International law firm Duane Morris had a problem. Some of its key staff were not very good at presenting, either internally or to clients. One was told that her speaking “needed to be more fluid and less analytical.” Another experienced “extreme anxiety at the thought of presenting her ideas to the public.” So what did Duane Morris do? It hired a comedian to conduct a workshop on communications. Specifically, it hired Beth Lapides, an Emmy-nominated comedian and “creativity guru” of Intelligent Entertainment Solutions.

Over a period of six hours, attendees learned about the principles of comedy and storytelling, what makes a story funny and entertaining and how to apply storytelling to a corporate presentation. In addition, attendees completed creativity exercises, including Word Montages and Personality Pyramids, that encouraged them to use both the creative and analytical hemispheres of their brain.

How did it work out? Here is what they said:

Attendees came away knowing how to apply humor and storytelling in the workplace and in presentations. Attendees remarked that the workshop “just worked” and helped them figure out how to “apply humor appropriately in presentations and harness [their] own expressiveness.” One attendee learned how to use her creativity to be more expressive and articulate, and thereby discern what the audience wanted to hear (and how it wanted to hear it). Another attendee will continue with phone coaching to hone her skills even further.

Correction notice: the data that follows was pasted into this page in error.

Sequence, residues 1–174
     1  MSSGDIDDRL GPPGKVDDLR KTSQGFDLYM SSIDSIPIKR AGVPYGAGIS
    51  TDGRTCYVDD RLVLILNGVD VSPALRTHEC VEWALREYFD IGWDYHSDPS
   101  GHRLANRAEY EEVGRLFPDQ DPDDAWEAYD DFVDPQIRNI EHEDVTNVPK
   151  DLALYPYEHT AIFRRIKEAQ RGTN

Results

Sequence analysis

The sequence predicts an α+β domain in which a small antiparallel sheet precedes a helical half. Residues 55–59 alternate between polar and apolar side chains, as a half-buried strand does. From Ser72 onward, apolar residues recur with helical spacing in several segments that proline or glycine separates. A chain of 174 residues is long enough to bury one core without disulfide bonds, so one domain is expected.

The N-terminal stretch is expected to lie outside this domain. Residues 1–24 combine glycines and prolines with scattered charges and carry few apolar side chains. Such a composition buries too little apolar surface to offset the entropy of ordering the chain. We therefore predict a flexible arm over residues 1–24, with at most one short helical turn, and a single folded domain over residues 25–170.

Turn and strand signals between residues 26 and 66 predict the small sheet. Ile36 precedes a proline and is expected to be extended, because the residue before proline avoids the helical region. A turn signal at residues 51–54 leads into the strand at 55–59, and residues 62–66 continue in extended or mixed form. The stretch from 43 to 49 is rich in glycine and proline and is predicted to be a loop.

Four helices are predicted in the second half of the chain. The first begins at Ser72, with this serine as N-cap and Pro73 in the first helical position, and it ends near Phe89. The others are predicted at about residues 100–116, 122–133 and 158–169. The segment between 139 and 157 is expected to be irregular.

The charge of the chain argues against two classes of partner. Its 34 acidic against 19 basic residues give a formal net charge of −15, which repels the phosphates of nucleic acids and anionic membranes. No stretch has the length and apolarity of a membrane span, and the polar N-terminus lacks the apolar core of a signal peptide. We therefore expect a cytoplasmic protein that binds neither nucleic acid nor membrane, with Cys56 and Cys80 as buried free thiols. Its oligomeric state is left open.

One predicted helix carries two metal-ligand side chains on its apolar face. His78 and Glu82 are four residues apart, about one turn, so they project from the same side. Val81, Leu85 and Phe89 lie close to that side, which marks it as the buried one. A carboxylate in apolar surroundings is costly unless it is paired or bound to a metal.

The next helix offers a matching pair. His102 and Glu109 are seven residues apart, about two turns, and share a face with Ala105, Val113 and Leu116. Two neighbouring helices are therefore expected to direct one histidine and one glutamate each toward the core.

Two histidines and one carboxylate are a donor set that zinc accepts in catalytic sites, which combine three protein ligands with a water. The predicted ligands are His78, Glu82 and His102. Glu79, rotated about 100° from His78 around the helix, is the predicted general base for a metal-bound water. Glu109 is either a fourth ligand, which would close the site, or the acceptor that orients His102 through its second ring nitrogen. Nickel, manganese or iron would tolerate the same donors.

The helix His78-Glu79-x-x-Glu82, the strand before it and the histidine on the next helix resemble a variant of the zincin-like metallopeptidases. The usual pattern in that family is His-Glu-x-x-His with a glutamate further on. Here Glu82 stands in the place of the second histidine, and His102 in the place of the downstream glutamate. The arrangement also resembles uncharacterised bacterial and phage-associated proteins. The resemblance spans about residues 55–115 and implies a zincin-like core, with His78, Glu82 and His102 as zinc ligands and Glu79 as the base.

For more of the comedy-coaching session at Duane Morris, and to see firm staff telling funny stories, see the video below.

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  • Cathi Collins

    Appropriate humor is the key and it breaks down all barriers. Lenn Milbower, formerly a trainer and presentation skills coach at Disney also conducts these types of sessions. He has an online course that is great and offers many one-on-one opportunities with Lenn. You can check him out at

  • I really think companies should do this kind of thing more often. Studies show that people acquire more information and are more likely to retain and implement what they hear if they laugh along the way. In recent years, advertisers, newscasters and educators have infused humor into their efforts to persuade, inform and instruct. They’ve realized that without original humor (not old, stale jokes), people just won’t tune in or pay close attention. Nothing against Walter Cronkite, but he just wasn’t funny – “and that’s the way it is!”